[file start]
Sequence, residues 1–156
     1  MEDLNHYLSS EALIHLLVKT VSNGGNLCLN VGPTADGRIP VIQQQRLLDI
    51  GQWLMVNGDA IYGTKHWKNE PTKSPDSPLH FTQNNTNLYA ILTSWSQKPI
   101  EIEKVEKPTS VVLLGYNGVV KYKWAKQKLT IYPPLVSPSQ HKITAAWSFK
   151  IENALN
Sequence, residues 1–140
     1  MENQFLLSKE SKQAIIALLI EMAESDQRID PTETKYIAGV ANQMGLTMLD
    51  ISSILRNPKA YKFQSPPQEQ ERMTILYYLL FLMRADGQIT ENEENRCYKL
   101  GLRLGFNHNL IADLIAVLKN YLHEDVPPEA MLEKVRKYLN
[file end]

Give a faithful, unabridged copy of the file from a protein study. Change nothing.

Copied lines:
Sequence, residues 1–156
     1  MEDLNHYLSS EALIHLLVKT VSNGGNLCLN VGPTADGRIP VIQQQRLLDI
    51  GQWLMVNGDA IYGTKHWKNE PTKSPDSPLH FTQNNTNLYA ILTSWSQKPI
   101  EIEKVEKPTS VVLLGYNGVV KYKWAKQKLT IYPPLVSPSQ HKITAAWSFK
   151  IENALN
Sequence, residues 1–140
     1  MENQFLLSKE SKQAIIALLI EMAESDQRID PTETKYIAGV ANQMGLTMLD
    51  ISSILRNPKA YKFQSPPQEQ ERMTILYYLL FLMRADGQIT ENEENRCYKL
   101  GLRLGFNHNL IADLIAVLKN YLHEDVPPEA MLEKVRKYLN